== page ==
Rohingya and Bangladeshi migrants
Rohingya and Bangleshi migrants wait on board a fishing boat before being transported to shore, off the coast of Julok, in Aceh province, Indonesia, on May 20, 2015. Reuters/Syifa/Antara Foto

Australian Prime Minister Tony Abbott on Thursday ruled out allowing Rohingya migrants to be resettled in the country, urging them to enter the island nation through the “front door.” His comments come as thousands remain stranded at sea -- some of them trapped for over 40 days on boats without food or water -- in Southeast Asia.

“Australia will do absolutely nothing that gives any encouragement to anyone to think that they can get on a boat, that they can work with people smugglers to start a new life,” Abbott said, according to the Guardian, adding: “I’m sorry. If you want to start a new life, you come through the front door, not through the back door."

“Don’t think that getting on a leaky boat at the behest of a people smuggler is going to do you or your family any good,” he reportedly said, adding: “If we do the slightest thing to encourage people to get on the boats, this problem will get worse, not better.”

Abbott, however, said that Australia was willing to assist the migrants in other ways such as providing humanitarian assistance in Myanmar, ABC News reported.

"Nope, nope, nope. We have a very clear refugee and humanitarian program," Abbott said, according to Sydney Morning Herald, adding: "It's a refugee and humanitarian program which has been modestly expanded because we have stopped the boats and we are not going to do anything that will encourage people to get on boats."

The statement comes even as international pressure mounts over countries in the region to allow migrants from Myanmar and Bangladesh. On Wednesday, Malaysia and Indonesia said they would not deny migrant boats anymore, provided the people can be resettled or repatriated by international agencies within a year. The U.S. also said it is willing to take Rohingya refugees as part of international efforts to cope up with the brewing migrant crisis.

While Abbott maintained the country’s hardliner statement on refugee resettlement, despite the country being a signatory of the Refugee Convention, opposition leader Bill Shorten has asked the government to “engage” more in the region.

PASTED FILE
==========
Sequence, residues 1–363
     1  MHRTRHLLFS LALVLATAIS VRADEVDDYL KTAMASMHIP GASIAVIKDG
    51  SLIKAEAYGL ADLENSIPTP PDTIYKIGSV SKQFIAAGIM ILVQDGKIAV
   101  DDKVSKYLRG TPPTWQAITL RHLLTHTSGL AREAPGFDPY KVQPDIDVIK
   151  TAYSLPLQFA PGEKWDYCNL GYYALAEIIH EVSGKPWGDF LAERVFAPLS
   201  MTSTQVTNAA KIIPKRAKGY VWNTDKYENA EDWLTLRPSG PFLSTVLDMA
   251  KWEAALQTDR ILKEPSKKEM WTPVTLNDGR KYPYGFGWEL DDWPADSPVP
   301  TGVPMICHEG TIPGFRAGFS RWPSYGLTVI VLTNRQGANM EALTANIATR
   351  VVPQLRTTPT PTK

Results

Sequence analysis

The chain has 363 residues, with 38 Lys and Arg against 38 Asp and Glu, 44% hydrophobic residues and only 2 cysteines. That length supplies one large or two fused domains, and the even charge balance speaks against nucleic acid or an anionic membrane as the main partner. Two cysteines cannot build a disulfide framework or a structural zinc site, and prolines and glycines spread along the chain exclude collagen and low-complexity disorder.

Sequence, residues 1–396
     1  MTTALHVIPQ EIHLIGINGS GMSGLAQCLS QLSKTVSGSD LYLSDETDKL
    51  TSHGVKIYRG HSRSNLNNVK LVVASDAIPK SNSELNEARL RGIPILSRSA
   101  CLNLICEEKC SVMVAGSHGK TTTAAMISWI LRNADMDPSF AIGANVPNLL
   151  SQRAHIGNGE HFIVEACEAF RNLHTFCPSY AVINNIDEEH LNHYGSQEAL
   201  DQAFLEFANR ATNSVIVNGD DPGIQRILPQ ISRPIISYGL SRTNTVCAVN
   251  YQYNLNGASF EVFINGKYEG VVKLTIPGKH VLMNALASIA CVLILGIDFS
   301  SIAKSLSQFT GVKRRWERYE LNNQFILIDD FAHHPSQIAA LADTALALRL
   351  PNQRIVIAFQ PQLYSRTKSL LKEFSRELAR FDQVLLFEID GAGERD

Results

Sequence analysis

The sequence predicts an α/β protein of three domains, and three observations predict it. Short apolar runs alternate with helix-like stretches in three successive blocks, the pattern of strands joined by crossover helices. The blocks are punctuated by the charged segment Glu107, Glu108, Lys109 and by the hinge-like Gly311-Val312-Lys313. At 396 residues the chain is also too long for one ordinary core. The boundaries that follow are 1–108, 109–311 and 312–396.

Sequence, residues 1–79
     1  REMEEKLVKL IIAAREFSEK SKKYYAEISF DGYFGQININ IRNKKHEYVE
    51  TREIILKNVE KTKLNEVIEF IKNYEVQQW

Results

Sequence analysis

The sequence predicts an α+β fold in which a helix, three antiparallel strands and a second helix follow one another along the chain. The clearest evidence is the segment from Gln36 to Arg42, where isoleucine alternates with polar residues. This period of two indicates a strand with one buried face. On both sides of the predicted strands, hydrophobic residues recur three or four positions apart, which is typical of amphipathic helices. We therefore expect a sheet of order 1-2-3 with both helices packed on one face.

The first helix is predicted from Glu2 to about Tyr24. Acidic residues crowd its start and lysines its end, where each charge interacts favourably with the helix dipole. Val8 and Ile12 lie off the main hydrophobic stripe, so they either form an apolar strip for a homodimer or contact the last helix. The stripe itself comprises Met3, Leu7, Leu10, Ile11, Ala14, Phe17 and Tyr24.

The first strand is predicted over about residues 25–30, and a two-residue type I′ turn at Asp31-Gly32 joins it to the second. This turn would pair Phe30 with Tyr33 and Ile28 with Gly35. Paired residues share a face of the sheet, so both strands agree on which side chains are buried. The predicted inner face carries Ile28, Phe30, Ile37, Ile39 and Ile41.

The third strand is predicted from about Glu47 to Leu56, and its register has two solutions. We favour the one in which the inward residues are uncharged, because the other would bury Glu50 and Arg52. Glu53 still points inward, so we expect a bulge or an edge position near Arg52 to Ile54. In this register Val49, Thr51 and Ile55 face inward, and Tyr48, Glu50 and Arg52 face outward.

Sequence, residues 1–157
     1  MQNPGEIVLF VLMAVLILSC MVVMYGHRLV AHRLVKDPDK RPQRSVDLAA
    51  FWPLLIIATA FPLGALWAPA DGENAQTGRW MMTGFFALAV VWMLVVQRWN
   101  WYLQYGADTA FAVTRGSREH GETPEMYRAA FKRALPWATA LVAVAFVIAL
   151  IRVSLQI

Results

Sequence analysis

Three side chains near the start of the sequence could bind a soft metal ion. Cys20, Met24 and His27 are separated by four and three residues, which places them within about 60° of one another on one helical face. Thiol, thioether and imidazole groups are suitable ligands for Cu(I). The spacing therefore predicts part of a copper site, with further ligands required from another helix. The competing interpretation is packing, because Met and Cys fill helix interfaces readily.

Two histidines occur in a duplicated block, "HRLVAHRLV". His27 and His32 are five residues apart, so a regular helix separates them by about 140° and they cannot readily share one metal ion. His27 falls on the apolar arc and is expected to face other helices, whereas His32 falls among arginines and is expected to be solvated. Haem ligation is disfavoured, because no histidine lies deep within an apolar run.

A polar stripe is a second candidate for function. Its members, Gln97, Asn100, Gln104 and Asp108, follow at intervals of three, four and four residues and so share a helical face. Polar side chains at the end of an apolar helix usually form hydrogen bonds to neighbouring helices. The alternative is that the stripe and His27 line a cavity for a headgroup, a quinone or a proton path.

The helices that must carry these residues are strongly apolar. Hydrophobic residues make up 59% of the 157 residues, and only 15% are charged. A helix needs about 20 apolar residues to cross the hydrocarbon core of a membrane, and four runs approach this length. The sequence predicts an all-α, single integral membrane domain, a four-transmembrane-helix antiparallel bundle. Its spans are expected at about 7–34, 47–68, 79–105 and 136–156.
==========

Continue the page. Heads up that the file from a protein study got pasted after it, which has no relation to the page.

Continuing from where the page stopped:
“Where there is an unfolding humanitarian crisis in South-East Asia, Tony Abbott's 'not my problem' approach is disappointing. There's no doubt there's terrible violence happening in parts which are affecting the Rohingya people,” Shorten said, according to Daily Mail.

Daniel Webb, director of legal advocacy at the Human Rights Law Centre, criticized Abbott’s comments, and said that there were more than 11 million refugees in the world and less than 1 percent were resettled by the United Nations.

"People aren't risking their lives on boats in order to jump some queue. They are risking their lives because they're fleeing danger and no queue exists," Webb said, according to Sydney Morning Herald, adding: "Slashing 6,250 places from our refugee intake and spruiking regional deterrence, rather than regional protection, doesn't help."

Over 7,000 people are still stuck at sea, while several others have died on the journey, Malaysia and Indonesia said in a joint statement on Wednesday. In the last three weeks, over 3,000 people have landed in overcrowded boats while aid groups estimate that several people are stuck at sea after being abandoned by ships’ captains and people smugglers.

Malaysian Prime Minister Najib Razak said Thursday that he has ordered the country’s navy to conduct search and rescue missions to help save the thousands of migrants believed to be stranded at sea, Reuters reported.

"I have further ordered @tldm_rasmi (navy) and APMM (Malaysian Maritime Enforcement Agency) to conduct search and rescue efforts on Rohingya boats," Razak reportedly said on his Twitter account. "We have to prevent loss of life," he said. He added that humanitarian aid would be delivered by land and sea.

However, Thailand said it will not provide any shelter to the incoming migrants. "There will definitely be no migrant shelters," Thailand's Prime Minister Prayuth Chan-ocha told parliament on Wednesday.